BlueGreen Alliance

Good Jobs, Clean Environment, Green Economy

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YOU SHOULD KNOW…

Retrofitting buildings in New York City at a cost of $500 to $15,000 per building would save $11 million per year in energy costs and cut carbon emissions by 30,000 metric tons. (New York Times)

QUOTE OF THE DAY

“We want our society to come together and take action on climate change,” said Eric Michelman, director of More than Scientists. “We know it is possible. We’ve come together to tackle challenges before. The solutions are out there and we have an immense capacity for problem solving, innovation, and creativity.”

WHAT’S TRENDING

$114 million – Congressman Frank Pallone estimates Governor Christie’s decision to pull New Jersey out of the Regional Greenhouse Gas Initiative (RGGI) has cost the state $114 million and will cost $387.1 million through 2020. (Star Ledger) 

Presidential power – President Obama this week will sign an executive order to cut the federal government’s greenhouse gas emissions. (New York Times)

Environmental legacy – On the global stage, the president is working more behind the scenes to broker a climate deal in Paris to help create a green global policy that will last decades. (Politico)

BLUE-GREEN LINKS

Reuters: New global disaster plan sets targets to curb risk, losses

National Journal:The Renewable Energy Fight

MLive.com: Michigan Gov. Rick Snyder creates new energy agency

Reuters: Amazon rainforest soaking up less carbon as trees die young: study

Vatican Radio: Climate change under the spotlight after Vanuatu cyclone

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YOU SHOULD KNOW…

A federal agency urges states to make climate change-related disaster preparation a permanent part of their emergency planning. Failing to do so cause states to lose federal grant funds. (Climate Central)

QUOTE OF THE DAY

"Instead of improving the Science Advisory Board's structure or operation, the bill will limit the quality of scientific advice that the EPA receives and allow seemingly endless delays in EPA's regulatory process," said Rep. Suzanne Bonamici (D-Ore.) about legislation passed in the House.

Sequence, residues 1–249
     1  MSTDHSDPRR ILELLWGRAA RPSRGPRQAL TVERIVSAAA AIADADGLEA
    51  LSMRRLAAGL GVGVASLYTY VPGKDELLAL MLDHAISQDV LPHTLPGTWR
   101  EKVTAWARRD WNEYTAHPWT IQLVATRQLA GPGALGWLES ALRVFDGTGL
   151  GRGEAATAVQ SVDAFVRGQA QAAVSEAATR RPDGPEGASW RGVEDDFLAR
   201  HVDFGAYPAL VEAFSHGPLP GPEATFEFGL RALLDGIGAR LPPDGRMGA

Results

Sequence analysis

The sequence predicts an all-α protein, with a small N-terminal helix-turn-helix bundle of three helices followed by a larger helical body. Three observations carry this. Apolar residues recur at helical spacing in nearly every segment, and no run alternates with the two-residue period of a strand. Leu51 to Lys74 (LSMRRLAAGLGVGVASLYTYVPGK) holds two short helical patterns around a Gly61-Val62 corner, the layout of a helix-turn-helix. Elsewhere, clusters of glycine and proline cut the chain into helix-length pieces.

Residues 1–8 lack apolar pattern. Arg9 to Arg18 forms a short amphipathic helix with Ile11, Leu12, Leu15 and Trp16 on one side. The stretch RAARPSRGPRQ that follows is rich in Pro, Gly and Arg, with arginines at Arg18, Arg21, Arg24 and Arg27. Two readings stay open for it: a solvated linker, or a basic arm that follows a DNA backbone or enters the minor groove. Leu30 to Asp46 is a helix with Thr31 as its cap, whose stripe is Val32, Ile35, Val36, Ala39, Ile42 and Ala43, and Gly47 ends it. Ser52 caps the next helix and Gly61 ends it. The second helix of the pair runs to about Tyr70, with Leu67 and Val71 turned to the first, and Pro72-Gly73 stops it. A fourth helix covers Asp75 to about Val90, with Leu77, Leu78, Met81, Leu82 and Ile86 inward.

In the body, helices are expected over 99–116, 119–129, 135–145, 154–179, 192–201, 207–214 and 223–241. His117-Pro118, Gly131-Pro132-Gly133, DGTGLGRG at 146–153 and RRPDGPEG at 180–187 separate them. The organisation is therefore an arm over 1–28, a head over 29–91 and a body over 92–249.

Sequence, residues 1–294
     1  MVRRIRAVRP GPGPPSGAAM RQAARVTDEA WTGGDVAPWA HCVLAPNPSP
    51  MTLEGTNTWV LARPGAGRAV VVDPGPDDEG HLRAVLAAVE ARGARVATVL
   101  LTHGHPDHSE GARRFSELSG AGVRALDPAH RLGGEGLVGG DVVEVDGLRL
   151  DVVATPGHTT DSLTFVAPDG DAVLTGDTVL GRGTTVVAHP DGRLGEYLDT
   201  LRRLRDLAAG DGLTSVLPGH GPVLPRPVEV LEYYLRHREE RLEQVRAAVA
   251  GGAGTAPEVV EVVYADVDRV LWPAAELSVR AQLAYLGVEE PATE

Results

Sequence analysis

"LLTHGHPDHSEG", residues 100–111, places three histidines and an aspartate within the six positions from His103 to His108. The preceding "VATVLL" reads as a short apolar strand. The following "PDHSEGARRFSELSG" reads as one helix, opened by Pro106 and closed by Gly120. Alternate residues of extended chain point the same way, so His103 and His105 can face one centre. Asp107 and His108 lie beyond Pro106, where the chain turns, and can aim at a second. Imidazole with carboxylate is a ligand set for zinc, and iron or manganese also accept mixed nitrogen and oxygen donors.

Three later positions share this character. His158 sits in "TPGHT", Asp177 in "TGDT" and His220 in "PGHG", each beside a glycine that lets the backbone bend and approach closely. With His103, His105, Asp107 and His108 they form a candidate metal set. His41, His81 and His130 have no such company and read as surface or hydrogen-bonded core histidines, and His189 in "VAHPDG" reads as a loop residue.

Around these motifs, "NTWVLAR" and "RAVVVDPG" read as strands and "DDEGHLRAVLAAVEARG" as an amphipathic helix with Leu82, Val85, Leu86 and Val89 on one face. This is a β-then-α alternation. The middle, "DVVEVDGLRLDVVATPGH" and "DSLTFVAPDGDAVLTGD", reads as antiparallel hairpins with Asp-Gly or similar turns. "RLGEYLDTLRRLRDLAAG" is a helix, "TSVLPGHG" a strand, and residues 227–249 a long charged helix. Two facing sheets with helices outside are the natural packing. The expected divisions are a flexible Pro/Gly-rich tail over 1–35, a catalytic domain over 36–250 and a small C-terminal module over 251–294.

WHAT’S TRENDING

Unfortunate, not unexpected – For the second year in history, the Iditarod Trail Sled Dog Race in Alaska was forced to alter the route due to insufficient snowfall. (Alaska Dispatch News)

Clean energy – Better technology and lower prices are all making it easier to expand clean energy despite the political uncertainty that hinders this progress. According to Environmental Entrepreneurs, last year more than 170 public and private renewable energy projects across the U.S. created about 47,000 jobs. (Fortune)

At odds – In the budget debates, the GOP budget calls climate change research a waste and the Department of Defense says it’s an immediate risk. (Washington Post) 

BLUE-GREEN LINKS

NPR: Kentucky Right-To-Work Battle Shifts To Counties

Bloomberg Business: China Boosts Solar Target for 2015 as It Fights Pollution

New York Times: As California Drought Enters 4th Year, Conservation Efforts and Worries Increase

Inside Climate News: Speaking From the Heart, Climate Scientists Launch Personal Campaign

The Hill: Interior secretary seeks cleaner, safer energy on public lands

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IN CASE YOU MISSED IT

U.S. Senator Elizabeth Warren will keynote the 2015 Good Jobs, Green Jobs Conference! We're less than a month away, so secure your spot for this exciting event taking place April 13 in Washington, D.C. 

YOU SHOULD KNOW…

Solar power could meet California’s energy demand three or four times over according to a new study. Capacity could be significantly expanded even without building over the natural environment. (Phys.org)

QUOTE OF THE DAY

"Americans are beginning to connect the dots between climate change and extreme weather, jobs, national security, faith and values, making it here and now," said Anthony Leiserowitz, director of the Yale Project on Climate Change Communication.

WHAT’S TRENDING

Overlooked opportunity – Cities are an overlooked opportunity in terms of solar power development. Solar power shows tremendous potential especially in built environments like in California. (Climate Central)

Gas tax – Transportation advocacy groups decried Congressional efforts to eliminate the gas taxthat helps fund infrastructure, calling it “dangerous.” (The Hill)

Getting on board – President Obama in a recent interview stated that eventually Republicans will change their position on climate change because “voters will insist upon it.” (The Hill)

Just as dangerous – Replacement plastics used to rid products of bisphenol-A (BPA) are suspected to have the same or similar dangerous health effects. (Student Science)

BLUE-GREEN LINKS

New York Times: Harvard's President Speaks in China About Climate Change

National Catholic Reporter: Catholic-led global fast for climate justice arrives in US

Reuters: Pacific nations to highlight Cyclone Pam in climate talks

Bloomberg: Researchers See El Nino Link to Tornadoes in Southern U.S. 

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YOU SHOULD KNOW…

This winter, daily high temperature records outpaced daily lows by a ratio of 3-to-2. A new tool by Climate Central can show you how your city stacked up this winter. (Climate Central)

QUOTE OF THE DAY

"It gets to the point where you can't look anyone in the eye seriously and say, well, it's nothing having to do with manmade," said Vice President Joe Biden aboutclimate change. (Huffington Post)